A Queensland couple have spent more than $25,000 to diagnose and save the life of their pet Bernese mountain dog which was eventually found to have a vitamin deficiency.

It's an enormous amount of money, but Vicky and Aaron Meyers say it was worth it - and they're not alone.

A Brisbane vet told the Sunday Mail pet owners were more willing than ever to spend whatever it takes to save their furry friends.

Dr. Leigh Hanlon from the Samford Valley Vet Hospital said it's because pets had become for some, their closest connection.

The Meyers adopted Harley after he became too big for his previous owners, but they noticed issues with his health right away.

The now six-year-old spent his first six months in his new home hiding in the couple's shower, riddled with anxiety.

Aaron Meyers with his six-year-old Bernese Mountain Dog, Harley. Picture: Tara Croser.
Aaron Meyers with his six-year-old Bernese Mountain Dog, Harley. Picture: Tara Croser.

He began to show other symptoms of being unwell and was sick for two years straight.

The Meyers said they were spending so much money at one point they lost count - but they wouldn't stop until they got an answer.

Supplement shots, polyp surgery, chiropractic appointments - you name it, they tried it.

"The lengths we went to save our big bog is crazy," said Mr Meyers.

But $25,000 later, Harley was finally diagnosed as being vitamin B12 deficient.

But the Meyers said it was worth it.

"He's an amazing dog and super special to us," said Mrs Meyers.

French Bulldogs bred by Jill Cedrych. Picture: Lachie Millard.
French Bulldogs bred by Jill Cedrych. Picture: Lachie Millard.

Jill Seymour is also no stranger to spending money on her pets - and a lot of it.

A Frenchie fanatic, Ms Seymour owns seven French Bulldogs, and a total of ten dogs.

Her Frenchies - Clover, Maple, Lily, Violet, Astro, Oliver, Rosie - keep her on her toes, and her wallet in overdrive.

She spends $7000 a year - just on food alone.

A visit to the vet can cost her $700 just in one day.

"I don't even want to count how much I've spent in total," she said.

She revealed that one year alone, the vet bill exceeded $25,000.

"I reckon I own about half of the veterinary practice I go to," she said.

Stella has already had a hip replacement.
Stella has already had a hip replacement.

Jake Wallwork's English staffy, Stella, is only a year old, but she has already had two surgeries, including a hip replacement.

It cost Mr Wallwork more than $12,000 from his own pocket.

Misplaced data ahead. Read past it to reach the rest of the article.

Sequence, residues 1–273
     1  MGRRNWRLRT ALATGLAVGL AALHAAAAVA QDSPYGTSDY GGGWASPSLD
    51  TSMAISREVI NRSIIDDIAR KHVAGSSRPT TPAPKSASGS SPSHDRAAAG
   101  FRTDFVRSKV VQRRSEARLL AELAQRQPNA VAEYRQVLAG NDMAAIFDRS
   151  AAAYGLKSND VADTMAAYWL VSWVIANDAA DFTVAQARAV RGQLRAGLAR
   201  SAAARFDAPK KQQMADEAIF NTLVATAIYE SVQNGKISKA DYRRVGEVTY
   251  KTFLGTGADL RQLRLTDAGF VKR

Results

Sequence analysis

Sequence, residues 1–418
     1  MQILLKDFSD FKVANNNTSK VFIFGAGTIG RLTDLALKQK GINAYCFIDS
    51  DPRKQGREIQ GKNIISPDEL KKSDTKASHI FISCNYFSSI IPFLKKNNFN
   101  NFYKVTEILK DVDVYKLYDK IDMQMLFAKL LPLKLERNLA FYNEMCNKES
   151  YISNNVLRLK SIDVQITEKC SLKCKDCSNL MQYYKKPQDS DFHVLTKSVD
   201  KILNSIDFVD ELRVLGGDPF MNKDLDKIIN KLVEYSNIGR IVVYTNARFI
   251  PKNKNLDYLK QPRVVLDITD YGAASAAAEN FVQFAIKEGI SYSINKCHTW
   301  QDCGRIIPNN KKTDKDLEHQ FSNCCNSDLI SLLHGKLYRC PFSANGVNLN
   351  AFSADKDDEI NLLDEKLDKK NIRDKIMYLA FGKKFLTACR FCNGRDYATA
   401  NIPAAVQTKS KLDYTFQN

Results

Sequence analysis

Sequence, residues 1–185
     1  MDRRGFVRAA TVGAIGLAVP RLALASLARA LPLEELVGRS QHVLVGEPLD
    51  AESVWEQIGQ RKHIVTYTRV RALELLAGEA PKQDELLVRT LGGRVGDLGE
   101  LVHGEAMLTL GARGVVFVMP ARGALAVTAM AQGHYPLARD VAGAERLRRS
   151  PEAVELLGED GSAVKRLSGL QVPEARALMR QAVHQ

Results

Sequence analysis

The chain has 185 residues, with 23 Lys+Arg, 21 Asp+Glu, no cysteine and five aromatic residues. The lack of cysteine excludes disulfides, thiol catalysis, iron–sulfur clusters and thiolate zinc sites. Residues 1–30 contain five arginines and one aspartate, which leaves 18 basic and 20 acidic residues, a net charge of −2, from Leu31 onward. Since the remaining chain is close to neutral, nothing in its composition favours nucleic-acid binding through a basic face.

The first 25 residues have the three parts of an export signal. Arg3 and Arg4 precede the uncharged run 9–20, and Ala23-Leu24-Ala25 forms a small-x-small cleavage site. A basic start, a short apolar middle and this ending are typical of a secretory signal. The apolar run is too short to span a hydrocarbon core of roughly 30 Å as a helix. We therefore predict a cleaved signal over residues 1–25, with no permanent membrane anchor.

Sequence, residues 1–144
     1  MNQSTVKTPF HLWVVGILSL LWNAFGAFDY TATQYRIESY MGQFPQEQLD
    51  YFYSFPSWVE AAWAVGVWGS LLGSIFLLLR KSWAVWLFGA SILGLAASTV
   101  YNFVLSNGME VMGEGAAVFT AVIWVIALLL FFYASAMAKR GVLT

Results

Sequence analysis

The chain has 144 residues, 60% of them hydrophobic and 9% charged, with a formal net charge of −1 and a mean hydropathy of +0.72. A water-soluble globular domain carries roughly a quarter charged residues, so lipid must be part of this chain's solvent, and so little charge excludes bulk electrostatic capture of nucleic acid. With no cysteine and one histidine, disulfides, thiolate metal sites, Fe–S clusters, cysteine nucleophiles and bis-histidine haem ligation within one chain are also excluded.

Thankfully, Mr Wallwork had pet insurance, and received $5000 back. "I was really grateful to get that money as I got to give her another chance at life," he said.

But it's not just dogs attracting large vet bills.

Rella the horse has been described as a “walking vet bill”.
Rella the horse has been described as a “walking vet bill”.

Amy Cullen spent more than $30,000 to get her horse Rella healthy in time to be part of her wedding.

Rella battled five eye lacerations, torn digital and flexor tendons, an ethmoid haematoma in her sinus, torn hamstrings,and, that was all before she got so sick that she went into kidney and liver failure.

"She's a walking vet bill," she said. "She's lucky I love her."

Meanwhile, Caitlin Anderson splashed out $5000 to save the life of her ragdoll cat, Frankie, who went into kidney failure at just two years old.

She said she loved her so much she would have paid anything.

"We would have paid anything to keep our princess alive."

Frankie the ragdoll cat.
Frankie the ragdoll cat.

Dr Hanlon said COVID-19 and lockdown had caused a big spike in pet ownership.

She said people were spending more was that vet technology had drastically improved and more procedures could be safely done.

"Thirty years ago, say you had a dog that you were willing to spend the money on, treatment options would be limited and you would have to tell people that was no more that we can do," she said.

"Nowadays, we have more and more specialists and services that can be provided and people want them."

Dr. Hanlon said COVID and lockdown also parked a spike in pet ownership.

"It has always been human nature to want to love, but it has been hyper focused and heightened this last year particularly."

"They could represent a child or grandparent you haven't had contact with during COVID.

"That's when people started to really start to rely on their animals, and then do anything they can to keep them alive.


Originally published as $25K in vet bills: Owners reveal startling cost of family pets